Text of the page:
Editor’s Note: Scott Faber is senior vice president of government affairs at the Environmental Working Group (EWG), which is a nonprofit environmental health research and advocacy group. He is also an adjunct professor at Georgetown University Law Center. The views expressed here are his own. Read more opinion on CNN.
President Joe Biden pledged to make the toxic “forever chemicals,” also known as per- and polyfluorinated substances, or PFAS, a priority during his campaign. When the Environmental Protection Agency (EPA) released a proposed drinking water standard for six PFAS compounds last week, he delivered on his promise.
As EPA Administrator Michael Regan said while announcing the new standard, “[c]ommunities across this country have suffered far too long from the ever-present threat of PFAS pollution.”
For decades, millions of Americans have been drinking these toxic chemicals, which are used in everything from cookware to clothes to firefighting foam. PFAS are a family of more than 12,000 chemicals that repel water and oil and are used on waterproof and grease resistant coatings. Because of their strong carbon-fluorine bond, PFAS don’t break down in the environment, and build up and stay in the human body for many years causing long-term damage, hence the name “forever” chemicals.
Exactly how many Americans have been drinking unsafe levels of these chemicals is hard to know, because our drinking water utilities were only recently required to test for their presence. But, according to research estimates, it’s likely that more than 200 million Americans have been drinking a chemical linked to an increased risk of cancer, reproductive harm, immune system damage and other serious health problems, even at low levels.
Until last week, water utilities were not required to test PFAS, much less filter them out of our drinking water. Thanks to Biden, the US is about to take the first step toward change.
Water utilities will soon have to meet the toughest drinking water standards, of 4 parts per trillion, or ppt, for two of the most notorious and best-studied PFAS compounds: PFOA, formerly used to make DuPont’s Teflon, and PFOS, formerly an ingredient in 3M’s Scotchgard. The agency also set a separate standard for a witches brew of four other PFAS compounds: GenX, PFBS, PFNA and PFHxS. By doing so, the EPA will help protect millions of Americans from exposure to these toxic chemicals.
It should not have taken the EPA more than two decades to act.
The EPA has known about the risks posed by PFAS since the 1990s but consistently failed to put public health ahead of polluter profits. Other chemicals that pose many of the same risks still remain in our tap water – like hexavalent chromium, for instance – because changes made to our drinking water laws in the 1990s have left all of us unprotected. Many of the standards in place are badly out of date.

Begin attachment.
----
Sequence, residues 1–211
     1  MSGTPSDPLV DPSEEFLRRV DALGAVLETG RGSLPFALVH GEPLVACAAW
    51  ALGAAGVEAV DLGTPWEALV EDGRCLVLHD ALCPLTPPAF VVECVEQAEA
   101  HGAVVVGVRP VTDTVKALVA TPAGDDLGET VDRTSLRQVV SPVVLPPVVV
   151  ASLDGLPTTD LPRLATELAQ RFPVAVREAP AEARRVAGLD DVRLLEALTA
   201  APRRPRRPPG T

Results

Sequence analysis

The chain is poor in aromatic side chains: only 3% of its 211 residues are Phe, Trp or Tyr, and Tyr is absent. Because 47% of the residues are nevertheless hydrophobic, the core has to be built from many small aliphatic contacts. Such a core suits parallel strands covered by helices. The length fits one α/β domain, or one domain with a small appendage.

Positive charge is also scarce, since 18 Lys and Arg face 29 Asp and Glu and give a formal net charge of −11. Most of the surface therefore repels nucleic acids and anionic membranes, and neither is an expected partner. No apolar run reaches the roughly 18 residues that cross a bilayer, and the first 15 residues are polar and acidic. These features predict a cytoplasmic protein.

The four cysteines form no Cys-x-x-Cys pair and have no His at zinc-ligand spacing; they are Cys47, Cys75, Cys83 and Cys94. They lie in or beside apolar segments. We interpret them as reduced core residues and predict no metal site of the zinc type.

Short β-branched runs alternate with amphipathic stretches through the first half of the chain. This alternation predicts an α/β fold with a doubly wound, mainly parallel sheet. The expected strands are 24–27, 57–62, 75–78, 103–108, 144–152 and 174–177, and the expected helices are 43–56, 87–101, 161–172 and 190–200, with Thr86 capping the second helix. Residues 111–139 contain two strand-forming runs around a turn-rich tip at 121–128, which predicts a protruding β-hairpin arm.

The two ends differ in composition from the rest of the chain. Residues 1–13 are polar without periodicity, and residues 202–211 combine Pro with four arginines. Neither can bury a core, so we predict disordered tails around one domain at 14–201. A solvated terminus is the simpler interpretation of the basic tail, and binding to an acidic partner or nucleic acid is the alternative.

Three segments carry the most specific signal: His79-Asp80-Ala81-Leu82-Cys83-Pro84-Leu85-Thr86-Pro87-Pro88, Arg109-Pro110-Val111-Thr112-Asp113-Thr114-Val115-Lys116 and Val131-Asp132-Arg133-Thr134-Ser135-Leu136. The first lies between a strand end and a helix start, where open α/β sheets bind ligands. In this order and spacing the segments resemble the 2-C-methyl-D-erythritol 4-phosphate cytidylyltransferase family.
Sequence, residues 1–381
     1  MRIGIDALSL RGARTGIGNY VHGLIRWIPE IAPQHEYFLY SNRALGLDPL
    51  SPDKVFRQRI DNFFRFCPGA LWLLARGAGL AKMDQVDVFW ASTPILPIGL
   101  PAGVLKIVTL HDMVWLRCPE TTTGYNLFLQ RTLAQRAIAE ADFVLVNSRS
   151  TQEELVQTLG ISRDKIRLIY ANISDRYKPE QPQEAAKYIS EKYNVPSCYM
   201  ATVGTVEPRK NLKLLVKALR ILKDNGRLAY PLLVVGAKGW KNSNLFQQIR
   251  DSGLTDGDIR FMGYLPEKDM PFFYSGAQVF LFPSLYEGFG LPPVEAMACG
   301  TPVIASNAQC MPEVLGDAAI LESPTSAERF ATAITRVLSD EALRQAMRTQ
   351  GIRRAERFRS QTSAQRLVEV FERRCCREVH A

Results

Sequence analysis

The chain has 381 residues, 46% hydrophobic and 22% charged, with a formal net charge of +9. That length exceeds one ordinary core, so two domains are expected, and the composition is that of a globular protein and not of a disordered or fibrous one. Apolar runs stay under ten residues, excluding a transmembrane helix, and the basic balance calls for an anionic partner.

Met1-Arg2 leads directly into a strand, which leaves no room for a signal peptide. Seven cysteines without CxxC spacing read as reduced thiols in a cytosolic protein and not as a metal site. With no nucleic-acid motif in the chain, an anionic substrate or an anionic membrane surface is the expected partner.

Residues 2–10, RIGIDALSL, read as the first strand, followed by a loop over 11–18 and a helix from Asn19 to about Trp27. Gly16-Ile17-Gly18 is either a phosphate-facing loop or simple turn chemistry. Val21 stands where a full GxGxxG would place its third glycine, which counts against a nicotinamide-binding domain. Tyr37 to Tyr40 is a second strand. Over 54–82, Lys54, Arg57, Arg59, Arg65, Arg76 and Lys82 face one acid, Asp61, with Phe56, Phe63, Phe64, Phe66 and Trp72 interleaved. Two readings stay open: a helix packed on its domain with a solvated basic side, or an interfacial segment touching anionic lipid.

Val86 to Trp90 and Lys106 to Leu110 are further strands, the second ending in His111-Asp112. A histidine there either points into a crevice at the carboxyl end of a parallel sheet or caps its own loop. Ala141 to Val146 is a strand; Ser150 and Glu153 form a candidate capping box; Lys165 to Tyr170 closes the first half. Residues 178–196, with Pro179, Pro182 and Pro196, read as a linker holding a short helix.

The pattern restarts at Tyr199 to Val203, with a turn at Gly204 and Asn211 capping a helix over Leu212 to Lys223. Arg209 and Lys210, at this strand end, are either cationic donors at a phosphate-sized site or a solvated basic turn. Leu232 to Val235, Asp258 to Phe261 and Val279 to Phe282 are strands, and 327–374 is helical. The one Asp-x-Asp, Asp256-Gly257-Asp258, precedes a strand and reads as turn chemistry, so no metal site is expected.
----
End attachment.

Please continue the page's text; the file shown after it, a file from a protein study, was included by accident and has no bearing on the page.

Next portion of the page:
It will be no surprise that polluters, long accustomed to using our air and water as dumping grounds, will likely complain and seek to escape responsibility. They always do.
They did not wait to argue that the science is not strong enough or that protecting ordinary people from cancer and other harms is too costly. In fact, many of the companies which are already fighting Biden’s win for consumers have, for decades, hid just how dangerous PFAS are from their workers and neighbors.
Many of these polluters are still making the PFAS problem even bigger. Experts estimate that more than 30,000 companies could be using PFAS and dumping their PFAS wastes into rivers, landfills and sewers, or pumping them into the air.
These drinking water standards for PFAS are historic, but the Biden administration has more work to do.
While it’s good news that the EPA is directing water utilities to take PFAS out of the drinking water delivered to our homes, it has delayed efforts to stop polluters, including chemical companies that make PFAS, from discharging PFAS into our drinking water supplies. In other words, polluters can keep putting PFAS into our drinking water supplies while water utilities are taking them out.
Making matters worse, Biden’s Food and Drug Administration (FDA), similar to previous administrations, continues to defend the use of PFAS in food packaging, relying on outdated studies and ignoring new evidence that these chemicals are toxic at extremely low levels. The FDA has known PFAS were toxic since the 1960s and knows that they migrate from packaging into our food. Indeed, the FDA is aware that people are more likely exposed to toxic PFAS from our food than our drinking water.
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FDA Commissioner Robert Califf recently told veteran food reporter Helena Bottemiller Evich that we need to address food chemical safety “for all humankind” and has made food chemical safety reviews a big focus of his proposed reorganization of the FDA’s food program, and rightly so. But, so far, many PFAS are still considered “safe” for use in food packaging, at least according to the FDA’s career staff.
States have not waited for the EPA and FDA to act, setting their own PFAS drinking water standards and banning PFAS from everyday items, including food packaging, kids’ products and cosmetics. But the drinking water standards proposed this week by the EPA will ensure that all of us, not just folks lucky enough to live in Michigan or New Jersey, will have safe water when they turn on the tap.